The Department of Energy (DOE) has just released their state of the art model built to predict how climate change and weather will impact energy systems here in the United States. There is no other governmental agency more eager to understand how encroaching seas, category 5 hurricanes, and heat waves will impact energy consumption and potentially energy strain on the US energy system.
In collaboration with several DOE National Laboratories, the Energy Exascale Earth System Model (E3SM) has been released to the general public and broader scientific community after four years of development.
The E3SM model was built to predict how climate and weather variability will impact the US energy systems in the decades to come. The model provides our collective best estimates of how climate change will alter energy needs across the country. The model can predict, at unprecedented resolution, water cycle events such as flooding or droughts, temperature swings such as heat waves, sea level rising and coastal flooding, and increased Atlantic hurricane intensity.
More specifically, the model can predict how the US energy sector would be impacted by 150 mph winds or temperature anomalies across the Atlantic Ocean tied to increased hurricane strength and likelihood. The model pushes the frontiers in model resolution and the ability to focus in on certain areas to better refine model results for a given region. In addition, the model better represents how human activities and natural processes impact one another and affect US energy needs.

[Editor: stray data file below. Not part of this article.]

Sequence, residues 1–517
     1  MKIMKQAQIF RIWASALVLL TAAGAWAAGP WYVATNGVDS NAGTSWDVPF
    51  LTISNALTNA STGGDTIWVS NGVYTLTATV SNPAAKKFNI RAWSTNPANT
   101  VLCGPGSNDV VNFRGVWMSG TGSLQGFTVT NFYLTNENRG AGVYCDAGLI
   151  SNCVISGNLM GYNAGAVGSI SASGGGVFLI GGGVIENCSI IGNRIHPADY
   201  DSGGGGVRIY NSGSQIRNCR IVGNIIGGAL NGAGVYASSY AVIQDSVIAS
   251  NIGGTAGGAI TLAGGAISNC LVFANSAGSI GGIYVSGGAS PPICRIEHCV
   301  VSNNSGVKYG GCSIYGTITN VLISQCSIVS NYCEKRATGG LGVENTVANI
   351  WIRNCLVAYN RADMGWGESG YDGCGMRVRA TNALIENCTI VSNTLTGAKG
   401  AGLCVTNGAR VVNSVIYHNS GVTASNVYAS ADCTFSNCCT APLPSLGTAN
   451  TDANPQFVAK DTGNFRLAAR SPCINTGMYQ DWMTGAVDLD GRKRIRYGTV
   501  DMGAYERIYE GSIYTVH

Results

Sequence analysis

The model required the development of the Exascale Computing Initiative, which developed a computing system capable of one billion billion calculations per second (10^18). The thousand-fold increase in processing speed compared to supercomputers just a decade ago are necessary to carry out these complex models coupling ocean, land, and atmosphere. This allows for more detailed resolution into the simulations of future climate and weather.
While climate models are inherently limited in their ability to predict future climate and weather, they are a useful tool in assessing the potential ranges of the impact human influences have on the energy sector. While this specific model derives from the Department of Energy, be assured the largest international oil and gas companies have their own proprietary models to predict similar scenarios.
When in the business of energy, predicting future climate and weather probabilities is worth trillions. This helps inform where to build refineries, pipelines, the break-even cost of oil and gas extraction, and strain and demand on electric grids. In addition, predicting climate and weather anomalies helps better predict where renewable energy sources outcompete hydrocarbon energy sources and how to best build renewable systems.
Need an example of how your taxpayer dollars are building a better capitalistic economy? The full and document release of the DOE's model can help your business decide whether to invest in solar panels in Colorado or wind farms in Texas or refineries in Seattle, all for free.
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